Use the results of your analysis to identify the areas where your team will need to improve to close the skills gap. 

4. Create learning and development plans… or hire.

The information gained from the skills gap analysis can help you create and implement improvement plans. With the data from your assessment, you can determine what kind of training programs, workshops, or courses your team can benefit from learning.

Also, the skills gaps in your organization might be too wide to minimize with training. Then, you can consider hiring to bring new knowledge and skills to your company.

Pros and cons of skills gap analysis

Pros and strenghts

In addition to the obvious benefits discussed above, this type of analysis can also help your organization to:

  1. Achieve competitive advantage: a skills gap analysis can lead to improved business processes, higher productivity, and quality products or services. These factors are essential to help a company gain a competitive advantage in the marketplace.
  2. Create new training methods: you can use the obtained information to create alternative branded approaches to employee training. For example, if you determine that your company’s training program isn’t helping employees fill skills gaps, you can implement alternative methods.
  3. Streamline contracting processes: the information gained through a skills gap analysis can help you make your organization’s hiring process more efficient by allowing you to target only qualified candidates for specific jobs.
Cons of performing a skills gap analysis

Cons of performing a skills gap analysis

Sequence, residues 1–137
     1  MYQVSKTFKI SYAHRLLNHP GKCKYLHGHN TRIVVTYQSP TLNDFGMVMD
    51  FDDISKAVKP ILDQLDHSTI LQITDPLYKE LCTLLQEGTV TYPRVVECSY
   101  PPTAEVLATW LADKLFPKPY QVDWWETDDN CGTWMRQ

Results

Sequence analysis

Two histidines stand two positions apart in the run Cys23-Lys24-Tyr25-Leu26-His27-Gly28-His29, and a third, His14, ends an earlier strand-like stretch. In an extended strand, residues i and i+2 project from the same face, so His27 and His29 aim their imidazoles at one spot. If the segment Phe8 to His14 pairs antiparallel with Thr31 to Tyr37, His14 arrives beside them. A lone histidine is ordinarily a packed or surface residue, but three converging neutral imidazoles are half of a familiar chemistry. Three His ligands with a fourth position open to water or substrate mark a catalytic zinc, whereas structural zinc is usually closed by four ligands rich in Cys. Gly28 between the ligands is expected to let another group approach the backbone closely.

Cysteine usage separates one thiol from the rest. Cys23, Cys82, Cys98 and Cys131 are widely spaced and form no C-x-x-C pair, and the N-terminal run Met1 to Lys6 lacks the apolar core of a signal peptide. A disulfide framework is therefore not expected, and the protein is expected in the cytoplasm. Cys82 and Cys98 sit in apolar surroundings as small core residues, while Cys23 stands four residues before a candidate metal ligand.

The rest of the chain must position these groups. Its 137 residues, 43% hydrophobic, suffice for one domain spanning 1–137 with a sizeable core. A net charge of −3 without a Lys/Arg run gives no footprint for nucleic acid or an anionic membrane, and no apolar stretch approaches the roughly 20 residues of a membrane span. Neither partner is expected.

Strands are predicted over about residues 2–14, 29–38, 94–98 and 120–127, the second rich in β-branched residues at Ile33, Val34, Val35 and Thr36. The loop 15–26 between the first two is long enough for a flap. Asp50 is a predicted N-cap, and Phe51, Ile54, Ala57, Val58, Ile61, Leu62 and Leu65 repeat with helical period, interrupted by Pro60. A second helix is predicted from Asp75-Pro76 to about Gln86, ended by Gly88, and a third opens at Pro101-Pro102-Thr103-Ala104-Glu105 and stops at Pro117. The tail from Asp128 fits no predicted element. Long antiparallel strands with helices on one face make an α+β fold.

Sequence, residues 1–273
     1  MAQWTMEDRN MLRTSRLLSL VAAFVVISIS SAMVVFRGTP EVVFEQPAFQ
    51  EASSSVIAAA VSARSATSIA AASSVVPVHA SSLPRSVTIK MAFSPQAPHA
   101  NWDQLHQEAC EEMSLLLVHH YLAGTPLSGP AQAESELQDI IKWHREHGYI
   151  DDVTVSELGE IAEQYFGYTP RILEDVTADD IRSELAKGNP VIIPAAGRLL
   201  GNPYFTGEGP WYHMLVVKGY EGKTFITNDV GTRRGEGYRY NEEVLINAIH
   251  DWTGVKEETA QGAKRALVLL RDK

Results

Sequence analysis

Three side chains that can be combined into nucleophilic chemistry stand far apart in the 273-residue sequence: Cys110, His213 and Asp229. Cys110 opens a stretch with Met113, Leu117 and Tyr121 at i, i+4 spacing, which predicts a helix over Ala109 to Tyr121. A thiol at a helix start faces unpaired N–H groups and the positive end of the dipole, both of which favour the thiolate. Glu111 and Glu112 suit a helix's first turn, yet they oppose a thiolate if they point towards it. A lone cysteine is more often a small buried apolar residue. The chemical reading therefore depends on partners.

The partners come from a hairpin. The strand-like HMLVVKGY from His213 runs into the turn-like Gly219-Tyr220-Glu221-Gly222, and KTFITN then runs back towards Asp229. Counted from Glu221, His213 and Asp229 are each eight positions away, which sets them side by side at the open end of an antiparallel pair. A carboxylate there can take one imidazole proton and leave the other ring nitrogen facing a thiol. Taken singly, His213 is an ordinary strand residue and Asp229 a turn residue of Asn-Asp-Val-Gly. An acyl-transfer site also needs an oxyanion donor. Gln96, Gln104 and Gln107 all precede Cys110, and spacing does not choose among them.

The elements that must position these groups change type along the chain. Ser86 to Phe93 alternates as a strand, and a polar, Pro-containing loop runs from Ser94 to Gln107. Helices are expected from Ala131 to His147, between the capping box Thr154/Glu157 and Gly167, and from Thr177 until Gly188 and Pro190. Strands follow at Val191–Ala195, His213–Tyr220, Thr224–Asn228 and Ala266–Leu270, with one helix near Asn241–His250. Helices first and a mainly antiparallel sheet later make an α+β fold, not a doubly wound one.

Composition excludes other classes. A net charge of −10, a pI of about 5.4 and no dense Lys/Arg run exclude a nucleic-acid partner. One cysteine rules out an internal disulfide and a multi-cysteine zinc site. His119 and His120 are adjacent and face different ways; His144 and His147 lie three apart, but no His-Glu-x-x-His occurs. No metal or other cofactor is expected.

Even with the many advantages of a skills gap analysis, there can be some drawbacks to conducting it:

  1. Negative impact on employee mood: for an employee, observing the various gaps between the job requirements and their experience can sometimes negatively affect their mood. If this is the case, your organization should encourage them to see development as an opportunity to learn new skills that will help them succeed in the future.
  2. Production costs: conducting a skills gap analysis could increase your costs. This is because employees often stop or interrupt their productivity while participating. 
  3. Application period: depending on the size of your organization, this type of analysis can take a long time. Thus, it is advisable to perform a skills gap analysis in short blocks of time.

Conclusion: an interesting resource to close the skills gaps among your employees

Assessing the skills of your organization’s employees is something you should regularly implement to identify those that can be improved through training. 

It’s also an opportunity to discuss each employee’s career path and the skills they feel they need to strengthen.

Don’t forget that SMOWL tools for companies can help you carry out fairer and remote evaluations, which will benefit your employees’ work-life balance. Also, it could help you supervise online recruitment processes in case you need to hire to fill some of the gaps.